For nearly forty-five years Human Life International has been engaged in building a Culture of Life through education and activism. Though we have been blessed with success in many of our efforts, we have also faced numerous difficulties. One of these difficulties is one we share with all who defend life, faith and family: as cultural values in the U.S. and elsewhere have decayed, the language used to express and defend those values has become foreign to many whom we are trying to reach.
This is evident when attempting a conversation about the dignity of the human person, traditional marriage, homosexuality, contraception and life issues with anyone who disagrees with the pro-life position. The foundational principles of natural law and basic Judeo-Christian teaching that have guided centuries of civilizations are no longer points of demarcation for understanding the human person and his relationship towards his neighbor, or his Creator. Instead, these once-common and uniting principles are now widely rejected. Today, people are more prone to start from emotion, popular sentiment or politically correctness, rejecting the idea of objective truth.
We are no longer starting on the same page or speaking the same language. We are living in a modern Babel, and we should not be surprised that we are more divided.
Consider how our society’s storytellers — our entertainers, politicians and media — have changed our language about divorce, contraception, cohabitation and abortion. What was once clearly understood to be harmful and detrimental to family life, children and to society is now marketed as good.
If I want you to change your mind about a certain subject, then I will consistently feed you what I want you to hear, read, see and experience. The obvious reason for ads on television and radio, for example, is to convince the listener to buy their product. The more one hears about the product the better chance the marketer has in convincing the listener to buy the product. The marketers of the Culture of Death didn’t accomplish their goals overnight. They had a strategic plan to gradually move minds and hearts to their perspective — they sold a story to the world, convinced hundreds of millions to ignore certain basic truths, and now have people “freely” choosing to do terribly destructive things for themselves and for society.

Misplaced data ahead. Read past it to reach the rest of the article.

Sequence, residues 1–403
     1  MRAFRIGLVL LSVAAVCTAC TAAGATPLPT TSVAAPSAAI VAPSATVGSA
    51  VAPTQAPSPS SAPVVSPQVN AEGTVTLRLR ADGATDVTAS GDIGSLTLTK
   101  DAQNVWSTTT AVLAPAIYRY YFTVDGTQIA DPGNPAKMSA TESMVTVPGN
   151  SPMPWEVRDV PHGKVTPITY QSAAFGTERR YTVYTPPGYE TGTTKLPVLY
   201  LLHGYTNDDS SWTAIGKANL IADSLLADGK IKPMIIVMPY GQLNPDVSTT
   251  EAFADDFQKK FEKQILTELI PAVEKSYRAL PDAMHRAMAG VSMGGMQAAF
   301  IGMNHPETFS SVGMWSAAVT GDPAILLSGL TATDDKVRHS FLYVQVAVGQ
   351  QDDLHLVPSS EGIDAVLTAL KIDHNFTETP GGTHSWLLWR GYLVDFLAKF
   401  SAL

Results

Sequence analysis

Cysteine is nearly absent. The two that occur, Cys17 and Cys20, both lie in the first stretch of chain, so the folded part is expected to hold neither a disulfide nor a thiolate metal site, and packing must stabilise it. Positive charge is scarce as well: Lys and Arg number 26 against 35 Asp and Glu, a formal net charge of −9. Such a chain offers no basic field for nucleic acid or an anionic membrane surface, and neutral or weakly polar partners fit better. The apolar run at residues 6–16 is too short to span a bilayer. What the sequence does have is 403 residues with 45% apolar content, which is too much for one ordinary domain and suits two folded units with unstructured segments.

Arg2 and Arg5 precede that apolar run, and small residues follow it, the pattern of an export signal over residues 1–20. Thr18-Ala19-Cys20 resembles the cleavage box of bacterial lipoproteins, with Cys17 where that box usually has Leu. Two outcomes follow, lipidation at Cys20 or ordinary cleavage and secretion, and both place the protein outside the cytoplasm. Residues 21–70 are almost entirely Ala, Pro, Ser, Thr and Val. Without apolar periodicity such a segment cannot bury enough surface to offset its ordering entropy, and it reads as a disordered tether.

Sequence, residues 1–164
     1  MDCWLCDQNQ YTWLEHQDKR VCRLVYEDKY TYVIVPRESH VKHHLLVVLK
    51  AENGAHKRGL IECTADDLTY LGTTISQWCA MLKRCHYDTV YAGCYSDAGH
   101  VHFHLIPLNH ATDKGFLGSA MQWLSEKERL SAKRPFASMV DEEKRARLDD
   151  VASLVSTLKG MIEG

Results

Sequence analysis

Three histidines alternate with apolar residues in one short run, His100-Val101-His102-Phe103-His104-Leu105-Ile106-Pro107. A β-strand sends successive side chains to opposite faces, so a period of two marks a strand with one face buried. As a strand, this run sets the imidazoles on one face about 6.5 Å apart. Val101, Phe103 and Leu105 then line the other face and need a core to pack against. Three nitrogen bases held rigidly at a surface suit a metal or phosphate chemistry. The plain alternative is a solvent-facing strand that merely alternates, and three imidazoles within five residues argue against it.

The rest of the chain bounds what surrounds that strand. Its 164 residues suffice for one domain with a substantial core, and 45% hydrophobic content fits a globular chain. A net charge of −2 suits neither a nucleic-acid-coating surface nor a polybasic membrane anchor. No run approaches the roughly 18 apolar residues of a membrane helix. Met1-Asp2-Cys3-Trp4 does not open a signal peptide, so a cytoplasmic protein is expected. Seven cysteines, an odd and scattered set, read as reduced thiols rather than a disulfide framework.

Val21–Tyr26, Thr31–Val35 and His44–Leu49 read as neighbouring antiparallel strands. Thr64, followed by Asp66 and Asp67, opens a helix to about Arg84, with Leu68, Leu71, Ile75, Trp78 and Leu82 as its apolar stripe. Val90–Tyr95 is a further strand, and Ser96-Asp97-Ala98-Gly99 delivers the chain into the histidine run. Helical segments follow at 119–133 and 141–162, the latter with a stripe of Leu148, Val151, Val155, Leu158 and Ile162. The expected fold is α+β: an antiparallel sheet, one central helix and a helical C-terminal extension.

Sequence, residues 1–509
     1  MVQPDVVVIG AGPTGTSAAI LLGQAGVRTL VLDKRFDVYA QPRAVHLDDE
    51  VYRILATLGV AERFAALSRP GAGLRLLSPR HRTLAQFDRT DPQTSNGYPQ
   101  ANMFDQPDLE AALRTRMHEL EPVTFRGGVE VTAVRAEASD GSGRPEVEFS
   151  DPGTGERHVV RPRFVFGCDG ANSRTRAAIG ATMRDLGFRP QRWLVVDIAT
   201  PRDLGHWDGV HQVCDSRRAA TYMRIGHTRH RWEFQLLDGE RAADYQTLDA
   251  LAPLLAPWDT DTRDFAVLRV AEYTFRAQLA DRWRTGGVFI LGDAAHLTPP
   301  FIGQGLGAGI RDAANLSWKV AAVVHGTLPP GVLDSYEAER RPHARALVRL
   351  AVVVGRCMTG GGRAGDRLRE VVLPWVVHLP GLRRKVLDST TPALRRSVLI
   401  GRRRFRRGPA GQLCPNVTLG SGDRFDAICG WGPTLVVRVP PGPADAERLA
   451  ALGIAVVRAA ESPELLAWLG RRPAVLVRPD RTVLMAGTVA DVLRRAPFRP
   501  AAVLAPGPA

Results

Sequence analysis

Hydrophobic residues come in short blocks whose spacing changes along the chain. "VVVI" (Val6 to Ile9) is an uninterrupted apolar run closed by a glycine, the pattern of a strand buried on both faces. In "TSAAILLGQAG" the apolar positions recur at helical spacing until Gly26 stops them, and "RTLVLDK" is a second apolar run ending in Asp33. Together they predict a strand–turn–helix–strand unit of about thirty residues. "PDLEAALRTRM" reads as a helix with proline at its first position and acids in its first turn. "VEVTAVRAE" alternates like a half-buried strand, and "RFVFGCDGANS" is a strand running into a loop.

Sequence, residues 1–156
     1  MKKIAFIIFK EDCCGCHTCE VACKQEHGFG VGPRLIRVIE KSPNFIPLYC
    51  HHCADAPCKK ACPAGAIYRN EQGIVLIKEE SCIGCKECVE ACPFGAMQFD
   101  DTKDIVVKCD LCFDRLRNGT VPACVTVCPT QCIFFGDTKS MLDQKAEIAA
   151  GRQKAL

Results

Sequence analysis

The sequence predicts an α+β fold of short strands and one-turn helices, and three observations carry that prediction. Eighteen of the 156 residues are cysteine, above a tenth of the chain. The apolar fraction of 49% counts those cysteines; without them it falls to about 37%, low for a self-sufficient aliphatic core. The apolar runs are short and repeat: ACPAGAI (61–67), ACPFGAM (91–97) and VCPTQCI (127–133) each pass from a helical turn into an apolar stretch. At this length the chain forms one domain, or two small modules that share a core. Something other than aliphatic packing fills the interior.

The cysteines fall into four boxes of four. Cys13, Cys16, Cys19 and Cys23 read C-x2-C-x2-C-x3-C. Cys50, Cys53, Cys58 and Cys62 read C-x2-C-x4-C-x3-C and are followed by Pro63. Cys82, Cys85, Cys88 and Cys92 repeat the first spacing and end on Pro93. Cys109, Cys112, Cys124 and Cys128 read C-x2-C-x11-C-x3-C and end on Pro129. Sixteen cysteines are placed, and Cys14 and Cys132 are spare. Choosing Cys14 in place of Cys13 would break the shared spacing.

St. John Paul II talked about the need for a new grammar that would serve as a starting point for dialogue and engagement about human life and human existence. His terms “Culture of Life” and “Culture of Death” were just two of his own notable contributions to how people understand what they see.
If our desire is to shift hearts and minds away from the language of the Culture of Death then we must articulate a story, a narrative, in language that upholds the value the dignity of the human person in a new and intelligible way. We must make this language our starting point in every way we approach life and family issues.
But we will have to be consistent. It’s so easy to be drawn into the current language and narrative, one in which my pleasure is the highest good, even a “right,” where others have the obligation to make sure my right to pleasure is secured. And where other claims to rights fall beneath mine.
How do we reason with one who, knowingly or not, accepts this corrupt notion of rights and happiness? We will rarely be able to truly reason with such a person, but when asked a question we must answer from the point of love and truth, from the position of true respect for human dignity and rights — positions which value our identity as made in the image of our Creator. We must respond to the issues of the day and intelligibly answer the questions; however, we need to ultimately shift from a posture of constant defensiveness and take a more “offensive,” or positive, stance.
As Pope Francis has put so beautifully, and in perfect harmony with his predecessors, Christianity is in no way primarily a list of prohibitions, it is a love story. To see life as a gift — a wonderful gift from the One who loves us more than we could possibly love another — is a story in need of constant telling and retelling. There are as many ways of telling this story as there are Christians, but we must get better at telling this story, first in how we live our lives, and second, in a compelling narrative.
The narrative of the Culture of Death is certainly dominant now, but it is utterly dark, empty and dissatisfying. When its adherents realize this, let them turn to see a Christian who is in love, who lives accordingly, and who is ready to share this love with them.